News did not filter back immediately of the death toll and so the assisted migration continued during 1847, with people unaware of the horrors of the crossing.

Indeed, many more unwittingly surrendered their holdings for compensation money to go to America. Even those who were not destitute but "sturdy farming class" joined in the exodus, just to escape the chaos and calamity all round them.

Back in Strokestown, relations between landlord and tenants were deteriorating. In November 1847, Major Denis Mahon was murdered near the townland of Dooherty. It was the most high-profile assassination of the Famine and prompted debates in the House of Commons on evictions and the misgovernment of Ireland.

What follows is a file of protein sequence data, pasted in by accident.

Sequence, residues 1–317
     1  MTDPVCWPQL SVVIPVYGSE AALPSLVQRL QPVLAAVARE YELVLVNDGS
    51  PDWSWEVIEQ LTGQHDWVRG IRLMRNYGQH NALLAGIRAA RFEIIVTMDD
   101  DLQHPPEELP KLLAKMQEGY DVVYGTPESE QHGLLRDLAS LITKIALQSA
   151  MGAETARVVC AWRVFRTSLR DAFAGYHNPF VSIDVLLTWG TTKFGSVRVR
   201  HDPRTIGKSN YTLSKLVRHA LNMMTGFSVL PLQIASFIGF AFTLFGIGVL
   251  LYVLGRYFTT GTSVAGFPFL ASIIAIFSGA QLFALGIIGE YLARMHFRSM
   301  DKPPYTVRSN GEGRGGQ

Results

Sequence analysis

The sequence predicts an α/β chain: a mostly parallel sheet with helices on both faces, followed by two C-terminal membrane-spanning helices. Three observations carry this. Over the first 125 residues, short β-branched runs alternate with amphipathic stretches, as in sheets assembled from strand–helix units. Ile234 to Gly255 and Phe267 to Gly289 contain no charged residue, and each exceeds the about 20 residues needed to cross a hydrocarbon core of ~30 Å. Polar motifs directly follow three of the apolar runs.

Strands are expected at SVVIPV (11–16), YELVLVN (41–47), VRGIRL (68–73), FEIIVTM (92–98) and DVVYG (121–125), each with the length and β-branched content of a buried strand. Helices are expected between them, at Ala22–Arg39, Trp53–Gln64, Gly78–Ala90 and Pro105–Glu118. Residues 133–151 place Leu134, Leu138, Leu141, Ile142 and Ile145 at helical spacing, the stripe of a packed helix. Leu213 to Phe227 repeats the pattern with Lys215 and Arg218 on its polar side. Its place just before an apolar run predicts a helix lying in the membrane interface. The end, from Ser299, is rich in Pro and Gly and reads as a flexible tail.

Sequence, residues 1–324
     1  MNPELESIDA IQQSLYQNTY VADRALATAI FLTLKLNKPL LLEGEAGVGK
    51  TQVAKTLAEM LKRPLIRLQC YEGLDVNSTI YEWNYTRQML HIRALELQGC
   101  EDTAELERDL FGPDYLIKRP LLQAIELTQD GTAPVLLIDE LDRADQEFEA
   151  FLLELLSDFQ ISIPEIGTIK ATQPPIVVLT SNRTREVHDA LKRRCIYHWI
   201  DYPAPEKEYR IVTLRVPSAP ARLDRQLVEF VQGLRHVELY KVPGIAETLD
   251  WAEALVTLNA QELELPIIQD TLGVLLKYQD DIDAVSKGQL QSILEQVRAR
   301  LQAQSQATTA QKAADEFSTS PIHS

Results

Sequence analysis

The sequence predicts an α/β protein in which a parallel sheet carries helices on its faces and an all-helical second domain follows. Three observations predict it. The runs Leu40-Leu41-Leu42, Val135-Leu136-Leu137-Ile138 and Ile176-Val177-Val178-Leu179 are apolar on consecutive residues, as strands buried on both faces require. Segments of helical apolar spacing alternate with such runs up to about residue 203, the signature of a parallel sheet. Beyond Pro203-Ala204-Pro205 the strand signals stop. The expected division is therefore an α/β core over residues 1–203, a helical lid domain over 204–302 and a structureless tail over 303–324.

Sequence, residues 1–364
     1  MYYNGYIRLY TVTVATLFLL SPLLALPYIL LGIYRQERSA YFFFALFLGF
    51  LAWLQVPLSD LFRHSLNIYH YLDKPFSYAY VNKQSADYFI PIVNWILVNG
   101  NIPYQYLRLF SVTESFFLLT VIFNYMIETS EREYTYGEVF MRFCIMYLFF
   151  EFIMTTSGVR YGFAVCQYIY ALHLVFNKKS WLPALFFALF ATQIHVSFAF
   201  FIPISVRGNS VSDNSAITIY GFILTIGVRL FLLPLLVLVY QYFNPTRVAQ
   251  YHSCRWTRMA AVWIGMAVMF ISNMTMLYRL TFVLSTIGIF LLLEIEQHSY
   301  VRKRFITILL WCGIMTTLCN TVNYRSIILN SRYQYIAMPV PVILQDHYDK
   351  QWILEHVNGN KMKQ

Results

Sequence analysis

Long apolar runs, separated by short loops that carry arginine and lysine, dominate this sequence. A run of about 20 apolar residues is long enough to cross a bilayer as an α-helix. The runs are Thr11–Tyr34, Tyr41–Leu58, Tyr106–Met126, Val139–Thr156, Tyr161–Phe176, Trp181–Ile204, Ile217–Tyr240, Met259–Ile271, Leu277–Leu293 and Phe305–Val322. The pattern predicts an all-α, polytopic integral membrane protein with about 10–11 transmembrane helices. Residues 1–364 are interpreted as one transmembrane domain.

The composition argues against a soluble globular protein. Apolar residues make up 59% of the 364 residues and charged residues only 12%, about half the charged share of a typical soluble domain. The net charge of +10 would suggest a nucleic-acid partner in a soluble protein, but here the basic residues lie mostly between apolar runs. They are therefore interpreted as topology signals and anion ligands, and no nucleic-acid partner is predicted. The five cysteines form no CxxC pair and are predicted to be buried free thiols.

The fate of the Mahon tenants was just one part of a social catastrophe of famine and migration in Ireland which cost millions of lives. There is a memorial at Grosse Ile, erected by Strokestown Park owner Jim Callery, thought to be the largest mass grave of famine victims outside of Ireland to commemorate the 5,400 Irish, many of them from Strokestown, who died in the summer of 1847.

Just like the wretched migrants now fetching up on the southern shores of Europe, each of whom has their own story, our ancestors endured pitiful destitution abandonment and forced migration not of their making. They relied upon the kindness of Canadian and American strangers to receive them.

We Irish, of all Europeans, should be mindful of our history and should be a leader, not a reluctant participant, in the international response to the migrant crisis.

Irish Independent